However, understanding that this book is more about escapism than it is about real life, I will say that she does a good job with this. She is a good writer and fairly engaging story teller. She develops a cast of characters that become alive for you - the pastor, the grocer, the grill owner, the vet, the housekeeper, the tough boy, the dog, the doctor. The one really weak character was Emma.
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Format: Paperback
This is such a wonderful story. I never really thought how busy a clergy man's (or woman's) life is and how much they actually do in their chosen vocation. Father Tim, the rector, in Mitford is the central character. He is just turning sixty at the beginning of the story and has reached a time in his life that he has lost a little of the joy and fulfillment he has always felt before. He is need of a vacation, which he has not taken in years, but which he always finds excuses to not take-he is getting burned out. Enter a huge bad-mannered dog (who is only controlled by hearing scriptures from the bible spoken to him) who has decided to adopt Father Tim, a young untamed boy, a new attractive neighbor, a jewel theft, a sixty year old secret love story, missing food and much more and you have a story that is so wonderful and so human and so enjoyable. I felt the urge to go to my bible and eagerly look up the many stories on Jesus because it made me feel so close to him and loved by him. Don't make the mistake that it is a preachy type story from what I just said but rather a feel good story that makes you want to reach out. The characters are all portrayed as actual everyday people we know ourselves with all their foibles and goodness combined. If you want a book that will leave you with a good contented feeling then this book will fullfill your wishes.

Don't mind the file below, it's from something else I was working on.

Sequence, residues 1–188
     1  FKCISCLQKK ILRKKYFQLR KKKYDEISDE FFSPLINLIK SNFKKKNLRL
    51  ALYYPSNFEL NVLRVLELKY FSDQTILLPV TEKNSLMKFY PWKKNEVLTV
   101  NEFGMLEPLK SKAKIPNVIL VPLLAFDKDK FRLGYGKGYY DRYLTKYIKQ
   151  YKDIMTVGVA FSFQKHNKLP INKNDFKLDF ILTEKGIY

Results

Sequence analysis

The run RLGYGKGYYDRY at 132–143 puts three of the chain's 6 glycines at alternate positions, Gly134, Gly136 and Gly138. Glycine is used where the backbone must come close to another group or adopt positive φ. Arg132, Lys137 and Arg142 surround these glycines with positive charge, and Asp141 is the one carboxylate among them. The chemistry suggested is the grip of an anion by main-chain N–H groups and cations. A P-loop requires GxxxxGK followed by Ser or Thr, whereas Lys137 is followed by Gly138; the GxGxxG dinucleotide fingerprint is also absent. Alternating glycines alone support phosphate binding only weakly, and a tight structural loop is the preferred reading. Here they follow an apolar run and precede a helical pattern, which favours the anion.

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Format: Paperback
This is a simple, charming book which I thought at first was going to be too goody-goody for words but which I found to be nothing of the kind. The central character is an Episcopalian priest and the locals of a small town, around whom the plot evolves-warts and all !Having come from a recent reading diet of crime and mystery thrillers, this dear little book is like a restful holiday for the mind. I would recommend it sincerely to anyone who wants a little gentleness in their lives at the moment.
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By Larrissa Vinge on July 25 2003
Format: Paperback
At Home in Mitford is the first in a series of books written by Jan Karon about a small town in North Carolina. The main character is Father Tim who has a parish in Mitford, and the book is filled with wonderful characters from the town. It is a cozy and enjoyable ride getting to know Father Tim and the rest of the townspeople -- from stray dogs to a boy in need of direction, romance to encounters with a jewel thief, and a lovable but definitely offbeat little old lady.
Jan Karon left her successful career in the fast-paced world of advertising and moved to Blowing Rock, North Carolina which she credits as the inspiration for Mitford, not the actual characters but the feel of a small village. She is able to make you feel like you've been to the main street grill and that you can actually smell the flowers in the town gardens.
The character development of the townspeople was very good; you want to know them more and more and what happens to them. Father Tim is both pleasantly multi-dimensional and not totally predictable.
The "bad guys" characters could have been developed more thoroughly, but perhaps that will come further into the series.
I recommend this book for a happy and comfortable read, somewhat like drifting around a swimming pool on a float, peaceful and agreeable with a splash of excitement